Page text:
A new screening test can detect twice as many cases of ovarian cancer as conventional methods, and could enable faster intervention before the disease reaches advanced stages, new research suggests.

Ovarian cancer is the seventh most common cancer in women globally, and has non-specific symptoms, such as bloating or bowel trouble. This means the disease often reaches an advanced stage by the time of diagnosis, placing survival rates after five years of treatment between 30 and 40 percent.

The new screening test measures the amount of a protein in the blood known as CA125, which previous research has linked to the devleopment of ovarian cancer.

It uses an algorithm to measure variations in this biomarker over time to determine risk factors for the disease, and according to researchers, is more accurate than existing blood tests that evaluate cancer risk based on a fixed threshold of how much CA125 is in the blood.

The team says their new method can detect ovarian cancer in up to 86 percent of women before they demonstrate symptoms, reports Nicky Phillips from The Sydney Morning Herald.

"The sensitivity is very, very high - much higher than people thought would be possible," lead researcher and cancer surgeon Ian Jacobs, who is now the Vice-Chancellor of the University of New South Wales in Australia, told Phillips.

The team, led by scientists from the University College London in the UK, carried out a 14-year randomised control trial, which began with the recruitment of 202,638 post-menopausal women over the age of 50.

They were randomly split into three groups - one was screened using the new statistical test, another was screened using a vaginal ultrasound, and the third group wasn't screened at all.

"It's one of the largest randomised trials ever performed in the history of medicine," Jacobs told The Sydney Morning Herald.

Of the original cohort, 46,232 trial participants continued to have regular screening checks. Their blood was tested once a year for CA125 levels, and the researchers' algorithm predicted risk of ovarian cancer based on factors such as age and the changing levels of the protein.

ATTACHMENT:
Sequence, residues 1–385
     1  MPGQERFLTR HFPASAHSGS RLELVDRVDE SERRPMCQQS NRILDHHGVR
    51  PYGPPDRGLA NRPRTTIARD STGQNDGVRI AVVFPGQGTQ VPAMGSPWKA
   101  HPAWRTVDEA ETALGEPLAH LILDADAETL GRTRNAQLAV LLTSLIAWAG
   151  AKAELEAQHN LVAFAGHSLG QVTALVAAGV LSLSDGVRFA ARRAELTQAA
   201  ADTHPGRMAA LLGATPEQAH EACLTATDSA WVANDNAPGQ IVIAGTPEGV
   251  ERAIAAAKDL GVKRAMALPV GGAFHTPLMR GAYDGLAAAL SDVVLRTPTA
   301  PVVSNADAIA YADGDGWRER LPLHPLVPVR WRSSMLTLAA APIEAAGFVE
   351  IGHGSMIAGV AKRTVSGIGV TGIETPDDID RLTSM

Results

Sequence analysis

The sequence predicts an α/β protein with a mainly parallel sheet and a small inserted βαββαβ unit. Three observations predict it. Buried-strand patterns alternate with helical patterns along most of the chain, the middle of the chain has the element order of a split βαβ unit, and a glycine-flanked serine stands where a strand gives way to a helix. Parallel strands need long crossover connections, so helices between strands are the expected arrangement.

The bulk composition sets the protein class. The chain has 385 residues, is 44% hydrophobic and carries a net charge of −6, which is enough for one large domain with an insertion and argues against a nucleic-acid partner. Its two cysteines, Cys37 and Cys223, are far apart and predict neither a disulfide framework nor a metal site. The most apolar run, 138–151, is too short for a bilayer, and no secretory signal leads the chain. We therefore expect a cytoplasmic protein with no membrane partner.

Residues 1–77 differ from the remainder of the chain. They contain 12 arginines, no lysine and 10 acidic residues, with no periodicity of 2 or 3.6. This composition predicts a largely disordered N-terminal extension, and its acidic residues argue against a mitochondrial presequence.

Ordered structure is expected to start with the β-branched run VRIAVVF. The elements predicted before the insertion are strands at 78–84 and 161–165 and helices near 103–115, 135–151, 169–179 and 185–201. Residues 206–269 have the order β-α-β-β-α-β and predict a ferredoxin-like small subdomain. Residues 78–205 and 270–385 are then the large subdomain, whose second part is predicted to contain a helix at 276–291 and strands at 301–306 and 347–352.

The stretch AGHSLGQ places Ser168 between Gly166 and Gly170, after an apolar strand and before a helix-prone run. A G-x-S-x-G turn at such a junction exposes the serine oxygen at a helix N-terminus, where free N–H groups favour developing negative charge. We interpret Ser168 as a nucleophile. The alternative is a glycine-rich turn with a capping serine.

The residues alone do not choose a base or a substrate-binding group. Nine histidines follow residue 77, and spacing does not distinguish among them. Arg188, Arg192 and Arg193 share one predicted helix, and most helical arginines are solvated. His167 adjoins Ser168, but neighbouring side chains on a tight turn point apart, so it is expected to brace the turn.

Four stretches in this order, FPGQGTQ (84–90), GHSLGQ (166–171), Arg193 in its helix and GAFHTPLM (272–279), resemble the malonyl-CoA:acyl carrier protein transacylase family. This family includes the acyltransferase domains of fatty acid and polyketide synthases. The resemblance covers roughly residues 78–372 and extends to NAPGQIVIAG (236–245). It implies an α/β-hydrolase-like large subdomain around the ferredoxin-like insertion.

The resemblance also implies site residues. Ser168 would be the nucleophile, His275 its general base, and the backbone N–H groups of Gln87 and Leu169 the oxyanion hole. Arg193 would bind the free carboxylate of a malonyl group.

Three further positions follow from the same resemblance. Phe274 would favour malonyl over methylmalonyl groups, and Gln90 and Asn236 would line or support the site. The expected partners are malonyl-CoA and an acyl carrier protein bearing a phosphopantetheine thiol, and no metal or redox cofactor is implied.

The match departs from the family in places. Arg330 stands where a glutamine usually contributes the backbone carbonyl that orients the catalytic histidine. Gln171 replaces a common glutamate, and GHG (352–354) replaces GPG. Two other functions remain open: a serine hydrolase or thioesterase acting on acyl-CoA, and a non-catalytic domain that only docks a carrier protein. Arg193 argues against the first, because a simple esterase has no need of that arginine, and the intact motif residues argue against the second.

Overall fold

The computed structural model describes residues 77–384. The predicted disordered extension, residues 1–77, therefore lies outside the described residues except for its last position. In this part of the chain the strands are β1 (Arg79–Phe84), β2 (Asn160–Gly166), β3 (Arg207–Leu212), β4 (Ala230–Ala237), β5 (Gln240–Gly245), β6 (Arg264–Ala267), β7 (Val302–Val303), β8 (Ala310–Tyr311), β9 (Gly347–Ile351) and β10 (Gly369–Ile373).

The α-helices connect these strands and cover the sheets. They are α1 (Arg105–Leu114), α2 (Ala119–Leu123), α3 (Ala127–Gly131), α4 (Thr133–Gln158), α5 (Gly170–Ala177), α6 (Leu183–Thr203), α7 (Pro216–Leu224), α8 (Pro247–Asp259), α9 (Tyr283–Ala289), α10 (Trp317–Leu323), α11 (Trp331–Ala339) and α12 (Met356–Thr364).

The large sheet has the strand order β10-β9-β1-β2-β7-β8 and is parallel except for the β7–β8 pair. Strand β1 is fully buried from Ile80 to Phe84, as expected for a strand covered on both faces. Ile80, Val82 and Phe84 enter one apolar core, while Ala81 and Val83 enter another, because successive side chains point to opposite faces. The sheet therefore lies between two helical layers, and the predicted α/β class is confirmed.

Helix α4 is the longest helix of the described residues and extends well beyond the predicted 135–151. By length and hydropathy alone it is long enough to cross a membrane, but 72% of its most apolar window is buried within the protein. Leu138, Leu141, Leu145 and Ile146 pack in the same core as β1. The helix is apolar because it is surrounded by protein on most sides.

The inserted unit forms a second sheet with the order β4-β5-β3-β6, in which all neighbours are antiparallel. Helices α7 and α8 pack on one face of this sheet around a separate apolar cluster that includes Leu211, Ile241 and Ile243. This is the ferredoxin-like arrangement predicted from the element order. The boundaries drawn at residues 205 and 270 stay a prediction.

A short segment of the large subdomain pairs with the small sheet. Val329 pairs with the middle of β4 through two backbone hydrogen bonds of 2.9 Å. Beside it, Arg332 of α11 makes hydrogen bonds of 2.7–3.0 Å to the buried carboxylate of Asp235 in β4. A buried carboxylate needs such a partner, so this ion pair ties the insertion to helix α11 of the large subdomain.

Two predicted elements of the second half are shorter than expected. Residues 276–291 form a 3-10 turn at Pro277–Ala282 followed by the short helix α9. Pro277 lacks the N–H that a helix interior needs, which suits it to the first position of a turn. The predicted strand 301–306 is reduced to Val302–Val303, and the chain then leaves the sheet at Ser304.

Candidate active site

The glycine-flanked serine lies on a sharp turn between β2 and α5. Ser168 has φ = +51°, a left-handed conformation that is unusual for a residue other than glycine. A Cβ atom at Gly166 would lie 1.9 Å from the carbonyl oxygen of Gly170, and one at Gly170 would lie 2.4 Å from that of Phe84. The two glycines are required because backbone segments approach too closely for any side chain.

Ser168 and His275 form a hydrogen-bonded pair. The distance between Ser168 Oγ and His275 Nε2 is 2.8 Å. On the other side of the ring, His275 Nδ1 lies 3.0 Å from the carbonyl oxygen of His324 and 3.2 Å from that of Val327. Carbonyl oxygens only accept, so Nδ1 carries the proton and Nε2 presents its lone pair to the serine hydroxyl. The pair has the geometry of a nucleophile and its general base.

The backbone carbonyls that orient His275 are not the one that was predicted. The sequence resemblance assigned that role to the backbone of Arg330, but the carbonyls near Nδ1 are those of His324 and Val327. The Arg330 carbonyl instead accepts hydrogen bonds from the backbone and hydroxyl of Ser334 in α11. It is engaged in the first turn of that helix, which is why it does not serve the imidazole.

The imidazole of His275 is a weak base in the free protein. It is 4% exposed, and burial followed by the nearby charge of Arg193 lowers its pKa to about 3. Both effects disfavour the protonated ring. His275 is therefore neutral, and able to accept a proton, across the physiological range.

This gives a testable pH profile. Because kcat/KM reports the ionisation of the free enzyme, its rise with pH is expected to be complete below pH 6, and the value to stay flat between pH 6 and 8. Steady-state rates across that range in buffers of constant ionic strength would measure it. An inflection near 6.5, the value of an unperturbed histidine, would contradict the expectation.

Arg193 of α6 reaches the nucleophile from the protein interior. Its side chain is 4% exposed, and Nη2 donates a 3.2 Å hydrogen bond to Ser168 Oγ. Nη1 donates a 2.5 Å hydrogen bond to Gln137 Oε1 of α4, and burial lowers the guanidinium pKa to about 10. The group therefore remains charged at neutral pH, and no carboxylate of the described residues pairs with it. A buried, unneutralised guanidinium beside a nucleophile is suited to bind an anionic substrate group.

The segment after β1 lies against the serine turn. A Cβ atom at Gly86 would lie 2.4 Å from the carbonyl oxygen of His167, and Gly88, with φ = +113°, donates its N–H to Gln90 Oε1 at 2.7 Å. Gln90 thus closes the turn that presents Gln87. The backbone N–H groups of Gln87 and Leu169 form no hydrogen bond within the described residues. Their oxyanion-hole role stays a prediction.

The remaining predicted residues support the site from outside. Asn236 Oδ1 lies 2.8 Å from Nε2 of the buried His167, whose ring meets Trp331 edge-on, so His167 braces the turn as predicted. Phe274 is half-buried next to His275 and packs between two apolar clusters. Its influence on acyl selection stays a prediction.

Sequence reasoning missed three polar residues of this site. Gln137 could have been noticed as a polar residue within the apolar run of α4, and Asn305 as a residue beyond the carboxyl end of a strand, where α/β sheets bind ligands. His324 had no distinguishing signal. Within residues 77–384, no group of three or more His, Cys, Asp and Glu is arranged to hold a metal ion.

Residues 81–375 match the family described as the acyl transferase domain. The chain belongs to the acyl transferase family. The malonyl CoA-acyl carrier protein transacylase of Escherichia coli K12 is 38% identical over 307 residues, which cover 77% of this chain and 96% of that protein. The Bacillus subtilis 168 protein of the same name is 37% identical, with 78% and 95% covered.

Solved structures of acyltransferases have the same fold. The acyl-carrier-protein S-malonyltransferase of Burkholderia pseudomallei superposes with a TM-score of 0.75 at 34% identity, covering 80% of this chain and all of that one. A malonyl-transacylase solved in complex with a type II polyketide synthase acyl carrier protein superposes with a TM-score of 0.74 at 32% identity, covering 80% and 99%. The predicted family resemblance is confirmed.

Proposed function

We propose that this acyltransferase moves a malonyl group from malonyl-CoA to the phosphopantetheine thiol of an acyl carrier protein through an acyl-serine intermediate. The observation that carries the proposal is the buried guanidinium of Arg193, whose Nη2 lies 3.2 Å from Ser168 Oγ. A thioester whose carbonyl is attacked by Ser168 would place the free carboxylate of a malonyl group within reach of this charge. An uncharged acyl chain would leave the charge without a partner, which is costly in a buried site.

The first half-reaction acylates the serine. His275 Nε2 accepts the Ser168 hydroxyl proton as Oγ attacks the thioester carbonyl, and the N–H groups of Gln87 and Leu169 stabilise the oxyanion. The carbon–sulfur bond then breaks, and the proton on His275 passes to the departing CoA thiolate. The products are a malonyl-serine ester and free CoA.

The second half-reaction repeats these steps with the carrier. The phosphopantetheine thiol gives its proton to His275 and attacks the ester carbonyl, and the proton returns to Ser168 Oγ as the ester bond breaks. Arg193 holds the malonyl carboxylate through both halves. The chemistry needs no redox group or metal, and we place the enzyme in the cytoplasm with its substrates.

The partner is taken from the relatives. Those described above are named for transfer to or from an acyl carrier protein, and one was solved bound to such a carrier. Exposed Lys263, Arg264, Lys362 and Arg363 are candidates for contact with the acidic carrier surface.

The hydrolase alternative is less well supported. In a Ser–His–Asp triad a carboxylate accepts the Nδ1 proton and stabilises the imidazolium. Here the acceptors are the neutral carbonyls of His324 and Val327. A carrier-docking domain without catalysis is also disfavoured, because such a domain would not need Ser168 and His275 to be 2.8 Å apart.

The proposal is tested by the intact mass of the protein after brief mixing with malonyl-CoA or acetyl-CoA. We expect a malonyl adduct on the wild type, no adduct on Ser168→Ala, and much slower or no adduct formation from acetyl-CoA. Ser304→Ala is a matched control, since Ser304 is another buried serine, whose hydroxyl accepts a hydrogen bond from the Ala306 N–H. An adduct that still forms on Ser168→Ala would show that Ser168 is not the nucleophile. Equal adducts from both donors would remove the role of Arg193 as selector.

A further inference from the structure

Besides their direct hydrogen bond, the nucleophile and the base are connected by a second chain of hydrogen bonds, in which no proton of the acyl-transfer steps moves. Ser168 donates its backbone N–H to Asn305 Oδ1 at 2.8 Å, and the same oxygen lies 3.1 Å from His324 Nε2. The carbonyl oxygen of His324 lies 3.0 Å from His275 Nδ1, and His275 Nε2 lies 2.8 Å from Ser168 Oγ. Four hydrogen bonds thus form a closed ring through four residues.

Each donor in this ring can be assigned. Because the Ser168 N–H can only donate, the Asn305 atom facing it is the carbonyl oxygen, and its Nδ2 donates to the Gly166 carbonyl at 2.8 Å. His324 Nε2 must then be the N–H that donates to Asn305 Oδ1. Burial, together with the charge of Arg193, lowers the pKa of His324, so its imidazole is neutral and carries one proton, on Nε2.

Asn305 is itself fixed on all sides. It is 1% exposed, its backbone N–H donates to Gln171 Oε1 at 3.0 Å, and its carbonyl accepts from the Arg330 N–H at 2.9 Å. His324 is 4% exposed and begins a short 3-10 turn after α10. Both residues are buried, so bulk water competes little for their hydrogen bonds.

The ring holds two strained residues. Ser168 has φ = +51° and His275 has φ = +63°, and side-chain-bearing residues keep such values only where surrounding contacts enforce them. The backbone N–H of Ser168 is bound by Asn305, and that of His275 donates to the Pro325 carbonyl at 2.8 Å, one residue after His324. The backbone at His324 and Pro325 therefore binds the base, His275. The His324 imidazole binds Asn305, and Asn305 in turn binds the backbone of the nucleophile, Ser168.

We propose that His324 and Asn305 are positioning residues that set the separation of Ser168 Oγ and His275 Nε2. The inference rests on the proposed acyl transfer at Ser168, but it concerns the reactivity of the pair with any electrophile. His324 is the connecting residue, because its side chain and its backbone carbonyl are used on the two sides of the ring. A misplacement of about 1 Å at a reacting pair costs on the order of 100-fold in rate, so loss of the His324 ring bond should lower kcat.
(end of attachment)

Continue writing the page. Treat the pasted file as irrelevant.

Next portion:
A portion of the team's results, highlighting the effectiveness of their new screening tool, has been published in the Journal of Clinical Oncology. Results indicating the effectiveness of the ultrasound screenings are expected in June.

"There is currently no national screening program for ovarian cancer [in the UK], as research to date has been unable to provide enough evidence that any one method would improve early detection of tumours," gynaecologist and trial coordinator Usha Menon, from University College London in the UK, told The Guardian.

"These results are therefore very encouraging. They show that use of an early detection strategy based on an individual's CA125 profile significantly improved cancer detection compared to what we've seen in previous screening trials."

Scientists discovered the protein CA125 was linked to ovarian cancer back in the 1980s, but typically classified women as having a greater risk factor if they had amounts of the protein exceeding a certain threshold. But that's not a guarantee: some women with high levels of the protein don't end up with cancer, while some women with low levels do.

"Our findings indicate that this can be an accurate and sensitive screening tool, when used in the context of a woman's pattern of CA125 over time. What's normal for one woman may not be so for another. It is the change in levels of this protein that's important," Jacobs told The Guardian.

If the results in June confirm that the test is more effective than the vaginal ultrasound, and other current screening methods, it could be adopted on a wider scale. This is good news, as earlier diagnoses and faster intervention will inevitably lead to greater survival rates for people affected by this disease. 

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